I climbed the
ladder and walked slowly to the press room. I went into the lavatory, closed
the door to the one stall and sat on the toilet with my head in my hands,
wishing there was a lid on the seat. It was entirely quiet, as if I were alone
in the stadium.
emotionally penniless," a girl had shouted at me years before from behind a
slammed and locked bathroom door.
That is what came
into my mind in my own locked cubicle.
I also thought to
leave the park, to take a walk, to just go away. Instead I decided to change
locations, to venture to the far reaches of the leftfield roof, out near the
A couple of kids
were running mindlessly around, chasing each other as if they were on a beach.
They pushed their way through clusters of writers and photographers who were
all standing, because there were no seats to be had. I sat down on the roof and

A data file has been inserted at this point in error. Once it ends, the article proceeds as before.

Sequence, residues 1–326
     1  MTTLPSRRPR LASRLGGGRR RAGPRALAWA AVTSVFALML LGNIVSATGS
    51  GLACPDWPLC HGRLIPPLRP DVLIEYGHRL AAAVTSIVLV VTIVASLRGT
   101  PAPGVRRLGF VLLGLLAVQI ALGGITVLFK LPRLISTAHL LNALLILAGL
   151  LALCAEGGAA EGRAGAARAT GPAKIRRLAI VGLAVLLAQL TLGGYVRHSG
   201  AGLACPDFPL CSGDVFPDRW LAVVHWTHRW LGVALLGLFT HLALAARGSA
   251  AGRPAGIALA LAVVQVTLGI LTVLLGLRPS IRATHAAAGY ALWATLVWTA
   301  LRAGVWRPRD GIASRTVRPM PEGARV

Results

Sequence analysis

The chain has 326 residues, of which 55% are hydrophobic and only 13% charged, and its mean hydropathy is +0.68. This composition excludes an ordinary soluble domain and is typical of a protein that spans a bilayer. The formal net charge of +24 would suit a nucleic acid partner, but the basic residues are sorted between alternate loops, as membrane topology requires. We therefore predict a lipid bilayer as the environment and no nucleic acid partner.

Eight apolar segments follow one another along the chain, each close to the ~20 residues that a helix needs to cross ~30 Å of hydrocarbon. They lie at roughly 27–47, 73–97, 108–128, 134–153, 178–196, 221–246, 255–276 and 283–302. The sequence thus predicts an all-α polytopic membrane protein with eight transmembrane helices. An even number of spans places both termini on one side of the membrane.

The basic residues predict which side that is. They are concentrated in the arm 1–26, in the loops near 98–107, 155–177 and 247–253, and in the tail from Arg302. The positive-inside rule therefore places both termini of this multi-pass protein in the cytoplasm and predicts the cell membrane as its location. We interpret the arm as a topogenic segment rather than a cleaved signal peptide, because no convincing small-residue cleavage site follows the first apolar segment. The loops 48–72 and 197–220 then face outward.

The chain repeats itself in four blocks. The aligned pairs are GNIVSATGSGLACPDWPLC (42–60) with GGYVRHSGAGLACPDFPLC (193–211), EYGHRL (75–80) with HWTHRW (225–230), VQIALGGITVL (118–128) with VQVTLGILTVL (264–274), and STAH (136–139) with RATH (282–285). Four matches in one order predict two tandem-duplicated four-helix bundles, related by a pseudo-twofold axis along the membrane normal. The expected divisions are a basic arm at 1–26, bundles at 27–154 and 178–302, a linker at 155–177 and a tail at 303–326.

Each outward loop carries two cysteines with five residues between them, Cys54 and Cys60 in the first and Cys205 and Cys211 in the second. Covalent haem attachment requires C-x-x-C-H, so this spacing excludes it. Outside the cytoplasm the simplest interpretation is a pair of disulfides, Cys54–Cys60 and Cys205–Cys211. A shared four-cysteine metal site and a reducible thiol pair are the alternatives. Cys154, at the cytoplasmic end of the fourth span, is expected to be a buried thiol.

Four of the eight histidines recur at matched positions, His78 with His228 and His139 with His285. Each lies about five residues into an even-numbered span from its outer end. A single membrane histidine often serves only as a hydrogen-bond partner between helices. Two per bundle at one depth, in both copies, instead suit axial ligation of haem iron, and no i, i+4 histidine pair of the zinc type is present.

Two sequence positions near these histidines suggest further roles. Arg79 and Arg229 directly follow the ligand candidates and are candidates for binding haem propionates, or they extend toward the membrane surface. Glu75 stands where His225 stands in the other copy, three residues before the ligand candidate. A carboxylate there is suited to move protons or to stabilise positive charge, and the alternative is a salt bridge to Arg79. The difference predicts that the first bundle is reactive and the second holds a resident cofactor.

crossed my legs. I was no more than a foot from the lip, which was unprotected
by a railing or other barrier.
The wind had
picked up. Shadows dominated the field, except in right and right center. I
noticed that the clouds were just a bit thicker. A rain delay. Would the game
revert to the last complete inning? A seven-hour delay and finally a decision.
Red Sox win 2-0. I saw it as the only possibility. It had to rain right at this
moment. Torrentially. Monumentally. Before the new Yankee pitcher could
complete this last of the seventh. The new Yankee pitcher was Gossage, and Bob
Bailey was preparing to pinch-hit against him.
I bowed my
When I saw Bailey coming up, I said to myself, with all respect to Bob,
Bailey looked at
strike three and went away, out of my life, off the team, out of the league,
out of the country, away, away.